The Importance of Writing Really Terrible Songs


Sarah Spencer


Believe it or not, it’s completely ok to suck.

No really. It’s the honest truth. I promise I’m not trying to sell you anything.

As creatives, we have to make. And because we’re human, not everything we make is going to be awesome.

We are not perfect. We are fallible. We are incredibly flawed. We are not godly – not everything that comes from our hands or our minds is going to be perfectly perfect. We can’t even fathom perfect. It’s a word in our vocabulary but we don’t really understand what it means for something to be perfect because we aren’t even capable of comprehending perfect.

And that is perfectly ok.

See, as creatives, we tend to falsely believe that we are what we make.

We take personal stake in our creations. Making and building and composing is part of our identities. We can’t seem to separate the creation from the creator. It will always have our mark on it. They might as well be our children.

The thing that holds us back is that we are so not ok with something we make coming out bad.

We see something that we’ve made, that we’ve poured over, that we’ve practically birthed from our creative souls and it comes out just ok. Or even worse, it sucks.

And we can’t separate that creative failure from our own identities. 

It really gets us down. It makes us feel like we are failures. It makes us feel like we shouldn’t ever try again, or that no one will accept us for who we are, that we really, truly must suck.

Here’s the thing.

Yes, we are creators. Yes, we are artists. No, we cannot separate the creation urge/ability/itch from our identities. But we are not what we make.

We are not what we make.

What a funny thing to say. It even feels sacrilegious as I type it.

We are so connected to our work that it feels wrong to put any kind of separator between us. But we are not our work in the same way that our parents are not their children.

A mother is not her son.

A father is not his daughter.

An employer is not his employees.

Even though all of these people take a large amount of accountability for those they’re responsible for, they are not the same people.

When a son commits a crime, his father doesn’t go to prison. He may feel like he failed as a dad, but he won’t be charged.

When a song doesn’t strike a chord in the hearts of millions, the songwriter isn’t damned. He simply picks up the pen and tries again.

There are two truths to songwriting: You will write more than one song. And the more you write, the better you’ll get.

You will write more than one song. It sounds obvious, but it’s a simple truth we need to be reminded of from time to time. You wrote an absolute clunker today, but you’ll live to write again tomorrow. It’s in your blood. You can’t stop. Not even if you wanted to.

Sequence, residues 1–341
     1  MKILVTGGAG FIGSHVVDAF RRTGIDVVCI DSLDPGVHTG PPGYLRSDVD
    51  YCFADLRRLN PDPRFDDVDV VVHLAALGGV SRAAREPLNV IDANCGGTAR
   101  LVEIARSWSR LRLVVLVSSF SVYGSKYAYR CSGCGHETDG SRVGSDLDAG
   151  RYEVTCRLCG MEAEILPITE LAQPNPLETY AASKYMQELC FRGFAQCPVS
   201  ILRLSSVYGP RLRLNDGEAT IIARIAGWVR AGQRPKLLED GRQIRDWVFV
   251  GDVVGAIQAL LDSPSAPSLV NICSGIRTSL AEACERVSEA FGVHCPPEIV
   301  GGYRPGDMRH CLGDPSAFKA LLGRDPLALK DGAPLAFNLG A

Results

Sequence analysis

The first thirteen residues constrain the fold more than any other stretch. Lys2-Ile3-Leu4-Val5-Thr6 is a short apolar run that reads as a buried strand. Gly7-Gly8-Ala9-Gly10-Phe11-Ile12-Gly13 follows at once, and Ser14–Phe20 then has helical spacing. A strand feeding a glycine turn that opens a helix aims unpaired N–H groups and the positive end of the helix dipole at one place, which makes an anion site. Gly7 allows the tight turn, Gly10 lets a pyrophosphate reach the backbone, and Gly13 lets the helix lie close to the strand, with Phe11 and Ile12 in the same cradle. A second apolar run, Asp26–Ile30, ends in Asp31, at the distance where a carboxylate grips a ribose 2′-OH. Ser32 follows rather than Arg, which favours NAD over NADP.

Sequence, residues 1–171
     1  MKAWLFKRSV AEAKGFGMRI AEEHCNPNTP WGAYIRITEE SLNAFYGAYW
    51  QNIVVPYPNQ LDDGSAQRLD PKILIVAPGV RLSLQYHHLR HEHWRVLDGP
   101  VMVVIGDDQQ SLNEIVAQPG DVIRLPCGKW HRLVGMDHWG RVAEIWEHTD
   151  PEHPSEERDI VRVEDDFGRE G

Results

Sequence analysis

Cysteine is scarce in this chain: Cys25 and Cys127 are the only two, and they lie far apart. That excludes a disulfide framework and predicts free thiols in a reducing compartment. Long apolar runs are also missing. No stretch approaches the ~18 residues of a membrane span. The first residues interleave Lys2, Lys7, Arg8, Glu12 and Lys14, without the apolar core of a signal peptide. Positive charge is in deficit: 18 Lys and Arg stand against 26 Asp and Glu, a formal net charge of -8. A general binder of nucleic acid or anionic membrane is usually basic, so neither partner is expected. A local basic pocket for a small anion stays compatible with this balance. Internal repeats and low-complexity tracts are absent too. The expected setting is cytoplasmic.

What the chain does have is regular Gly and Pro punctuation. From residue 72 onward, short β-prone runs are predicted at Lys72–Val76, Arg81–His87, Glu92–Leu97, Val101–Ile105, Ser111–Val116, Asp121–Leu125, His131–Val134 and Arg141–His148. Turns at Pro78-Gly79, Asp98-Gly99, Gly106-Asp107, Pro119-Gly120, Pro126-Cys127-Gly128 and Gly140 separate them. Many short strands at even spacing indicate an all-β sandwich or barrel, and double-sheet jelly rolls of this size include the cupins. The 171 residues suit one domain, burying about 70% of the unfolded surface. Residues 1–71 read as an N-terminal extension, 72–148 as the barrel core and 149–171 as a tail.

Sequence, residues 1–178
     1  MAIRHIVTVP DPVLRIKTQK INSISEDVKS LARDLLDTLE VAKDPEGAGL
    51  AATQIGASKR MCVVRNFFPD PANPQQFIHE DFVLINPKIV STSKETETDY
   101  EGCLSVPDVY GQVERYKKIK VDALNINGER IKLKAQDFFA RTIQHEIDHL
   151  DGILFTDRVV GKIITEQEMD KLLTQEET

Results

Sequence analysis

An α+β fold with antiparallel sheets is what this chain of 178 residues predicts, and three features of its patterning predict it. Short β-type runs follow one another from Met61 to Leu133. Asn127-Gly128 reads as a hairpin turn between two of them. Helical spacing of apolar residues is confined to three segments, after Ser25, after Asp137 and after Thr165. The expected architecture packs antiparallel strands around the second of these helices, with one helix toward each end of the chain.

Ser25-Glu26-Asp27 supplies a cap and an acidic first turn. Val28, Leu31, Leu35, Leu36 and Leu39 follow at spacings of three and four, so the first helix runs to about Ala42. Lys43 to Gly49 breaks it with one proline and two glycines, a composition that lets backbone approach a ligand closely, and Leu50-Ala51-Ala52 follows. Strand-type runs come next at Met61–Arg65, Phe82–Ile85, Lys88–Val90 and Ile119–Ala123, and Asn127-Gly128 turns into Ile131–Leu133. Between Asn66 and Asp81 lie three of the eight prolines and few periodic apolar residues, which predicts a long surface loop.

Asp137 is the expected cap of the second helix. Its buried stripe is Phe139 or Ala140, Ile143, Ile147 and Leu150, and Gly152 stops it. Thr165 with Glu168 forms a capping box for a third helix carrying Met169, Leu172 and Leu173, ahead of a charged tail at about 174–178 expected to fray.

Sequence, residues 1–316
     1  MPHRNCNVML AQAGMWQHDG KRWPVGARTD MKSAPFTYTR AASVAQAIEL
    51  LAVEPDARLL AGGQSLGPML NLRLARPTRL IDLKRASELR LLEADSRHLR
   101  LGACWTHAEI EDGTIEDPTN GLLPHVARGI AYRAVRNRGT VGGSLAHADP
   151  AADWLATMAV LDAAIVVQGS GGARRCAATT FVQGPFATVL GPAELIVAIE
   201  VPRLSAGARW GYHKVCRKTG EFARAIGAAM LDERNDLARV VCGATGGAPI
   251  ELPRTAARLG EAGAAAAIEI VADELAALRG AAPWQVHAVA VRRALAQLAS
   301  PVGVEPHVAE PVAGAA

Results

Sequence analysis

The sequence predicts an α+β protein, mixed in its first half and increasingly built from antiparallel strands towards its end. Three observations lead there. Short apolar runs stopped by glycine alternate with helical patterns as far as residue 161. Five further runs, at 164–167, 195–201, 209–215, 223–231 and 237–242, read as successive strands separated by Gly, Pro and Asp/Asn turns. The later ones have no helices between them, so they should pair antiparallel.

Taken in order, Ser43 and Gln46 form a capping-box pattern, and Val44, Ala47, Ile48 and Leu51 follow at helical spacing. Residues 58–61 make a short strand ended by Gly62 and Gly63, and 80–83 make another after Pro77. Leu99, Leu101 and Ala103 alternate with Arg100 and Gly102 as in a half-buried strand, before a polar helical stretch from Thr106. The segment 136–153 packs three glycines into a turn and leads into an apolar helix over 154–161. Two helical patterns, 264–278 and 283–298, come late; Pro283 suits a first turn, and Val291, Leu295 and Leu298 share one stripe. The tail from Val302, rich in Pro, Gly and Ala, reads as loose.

You will write more than one song and the whole collection will reflect your skills as a writer. Write a terrible song today, and you won’t be damned to hell for it. You’ll write a better one soon enough.

And what about the really great songs? The really incredible pieces that shout the truth and proclaim love and pain in ways that touch people at their very core? Those songs go into the mix as well. You’ll live to write another song. Get past the bad ones first.

Songwriting is also a matter of practice makes perfect.

Just like playing an instrument or training to run a marathon. You’re going to need to do it all the time to improve. It’s the only way to truly get better. You’ll write fewer clunkers. You’ll still write them, yes, but they’ll happen less and less.

Flex your muscles and power through the really terrible songs. They are the heavy weights you need to lift in order to get to the good ones underneath.

There is a third and final truth to all of this. Keep this with you every day:

The more terrible songs you write, the better of a songwriter you will be.

The fact that you know a terrible song when you write it is proof enough that you’re smart. That you know what a good song sounds like. You have high standards for yourself, and it personally affects your mood when you don’t meet them.

Be sad and bum out for all of 5 seconds.

Then write a new one.

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Sarah Spencer

Sarah Spencer is an award winning singer/songwriter based in Nashville, TN.

Born in the Sunshine State, Sarah Spencer writes vibrant, shining americana/pop music. She works in Nashville TN as a singer/songwriter, as well as a UX designer for a marketing firm.

Follow Sarah on Spotify to get her latest releases.

You can jump on her email list at or purchase her debut EP, "Freshman Year" on iTunes.